Madam Temporary Speaker, I want from the outset to congratulate the Senator of Vihiga County for having thought about this very important Statement. This Statement does not just address Vihiga County, but also many other counties are facing the same problem. I wish the Senator could have done two Statements on the same, so that they can be addressed properly by two Committees. What I see here is an issue with the budget, how much money was allocated to this programme and also the issue of designs. How was this drainage design done? Was it done properly? Was it well planned? I hear it was done poorly. There is also the issue of transparency on the work that was done as well as the quality of the work done, which I think should go to the County Public Accounts and Investment Committee (CPAIC), which can investigate that. This is also an environmental issue that should be investigated by the Committee on the Environment. Many of our urban areas are facing the same problem of open drainage causing health hazard in our towns. For example, when he was explaining the issue, I was comparing the picture of this Mbale Town to Kitengela Town that is a few kilometers from Nairobi. All landlords are facing the same problem because they own houses in areas, which no proper drainage just like in Kitengela, where there is no drainage system. Some people are draining the waste onto the roads; some are fetching the waste every month, which is very costly and also a health hazard even to our children who are playing everywhere, especially when it rains. This is a town where many of our small traders spend many hours working to put food on their tables. A clean environment is a constitutional right. You need to have a clean environment in order to do your own work. The Kenya Urban Support programs have gone a long way in helping many of our counties, but these need to be properly audited. Many of our taxpayers are paying money to support these programmes, but you find that they collaborate with the county staff and they end up doing shady work. Some of this work is either not finished or is poorly done. The Committee that will handle this matter should address this matter urgently because it is a concern to many Members here. I support this Statement.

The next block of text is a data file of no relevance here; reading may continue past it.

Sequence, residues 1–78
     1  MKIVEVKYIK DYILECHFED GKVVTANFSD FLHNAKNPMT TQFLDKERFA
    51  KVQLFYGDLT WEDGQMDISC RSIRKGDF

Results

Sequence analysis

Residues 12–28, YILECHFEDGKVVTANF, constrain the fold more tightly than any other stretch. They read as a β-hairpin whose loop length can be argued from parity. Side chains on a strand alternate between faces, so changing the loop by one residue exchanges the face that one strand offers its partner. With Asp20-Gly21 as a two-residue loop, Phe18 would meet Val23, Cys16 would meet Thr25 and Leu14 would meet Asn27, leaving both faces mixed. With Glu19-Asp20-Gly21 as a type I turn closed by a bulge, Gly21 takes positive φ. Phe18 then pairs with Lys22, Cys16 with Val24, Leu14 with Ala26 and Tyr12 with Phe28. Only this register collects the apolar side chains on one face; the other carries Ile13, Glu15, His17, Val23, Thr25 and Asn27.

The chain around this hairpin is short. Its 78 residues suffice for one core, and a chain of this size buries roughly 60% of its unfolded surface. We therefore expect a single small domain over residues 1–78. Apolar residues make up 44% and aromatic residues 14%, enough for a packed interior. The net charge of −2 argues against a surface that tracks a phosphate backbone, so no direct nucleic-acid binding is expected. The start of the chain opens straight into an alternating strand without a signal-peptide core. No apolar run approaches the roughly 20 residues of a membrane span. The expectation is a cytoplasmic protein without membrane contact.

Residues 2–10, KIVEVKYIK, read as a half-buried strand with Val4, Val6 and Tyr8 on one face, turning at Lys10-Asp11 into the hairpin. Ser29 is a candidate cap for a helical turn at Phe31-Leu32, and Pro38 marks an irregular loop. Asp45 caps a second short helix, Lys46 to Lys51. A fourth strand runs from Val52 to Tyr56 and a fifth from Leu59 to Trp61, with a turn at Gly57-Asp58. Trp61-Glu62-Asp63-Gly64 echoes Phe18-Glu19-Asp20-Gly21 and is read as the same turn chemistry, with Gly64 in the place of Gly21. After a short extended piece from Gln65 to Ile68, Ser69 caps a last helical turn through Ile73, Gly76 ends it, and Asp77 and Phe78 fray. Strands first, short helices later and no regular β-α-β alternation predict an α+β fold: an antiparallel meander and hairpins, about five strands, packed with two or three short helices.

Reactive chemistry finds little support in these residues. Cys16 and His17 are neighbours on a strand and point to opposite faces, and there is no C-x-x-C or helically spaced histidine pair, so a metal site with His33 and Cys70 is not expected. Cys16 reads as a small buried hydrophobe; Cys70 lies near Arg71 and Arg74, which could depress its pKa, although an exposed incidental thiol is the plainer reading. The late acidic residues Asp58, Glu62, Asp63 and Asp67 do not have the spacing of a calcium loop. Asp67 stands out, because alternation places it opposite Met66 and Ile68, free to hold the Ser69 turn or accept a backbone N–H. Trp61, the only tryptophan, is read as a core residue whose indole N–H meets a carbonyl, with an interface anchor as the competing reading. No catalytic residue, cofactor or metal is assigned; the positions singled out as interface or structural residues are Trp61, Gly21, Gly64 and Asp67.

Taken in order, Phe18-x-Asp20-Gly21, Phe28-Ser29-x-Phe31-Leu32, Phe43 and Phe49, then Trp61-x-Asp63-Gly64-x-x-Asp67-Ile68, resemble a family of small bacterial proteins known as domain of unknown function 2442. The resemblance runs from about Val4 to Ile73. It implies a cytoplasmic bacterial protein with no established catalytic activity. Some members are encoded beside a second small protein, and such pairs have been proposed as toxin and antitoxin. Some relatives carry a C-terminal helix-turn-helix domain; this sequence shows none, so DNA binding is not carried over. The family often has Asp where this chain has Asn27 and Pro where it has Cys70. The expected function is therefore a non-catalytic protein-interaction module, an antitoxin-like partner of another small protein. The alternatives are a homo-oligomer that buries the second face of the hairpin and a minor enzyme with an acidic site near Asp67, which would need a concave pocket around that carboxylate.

Thank you, Madam Temporary Speaker. I rise to support this Statement by Sen. Khaniri and congratulate him on all the topical issues he brings to this House, which always help the rest of us because issues like these are prevalent across all our counties. We do not want to hijack it of course by riding over it, but allow us to just use this platform to also look at some of the unfinished projects that are posing health hazards and many different things to our people. As Sen. Khaniri has put it, this project has been financed by the World Bank, which means money is not an issue. We are, therefore, wondering why with projects that money is available, things are left undone and how we, as this House, we are going to make sure that this kind of negligence that is taking lives and bringing diseases and suffering to our people, not to mention the social and economic problems that it has brought, because I am sure traders in that neighbourhood---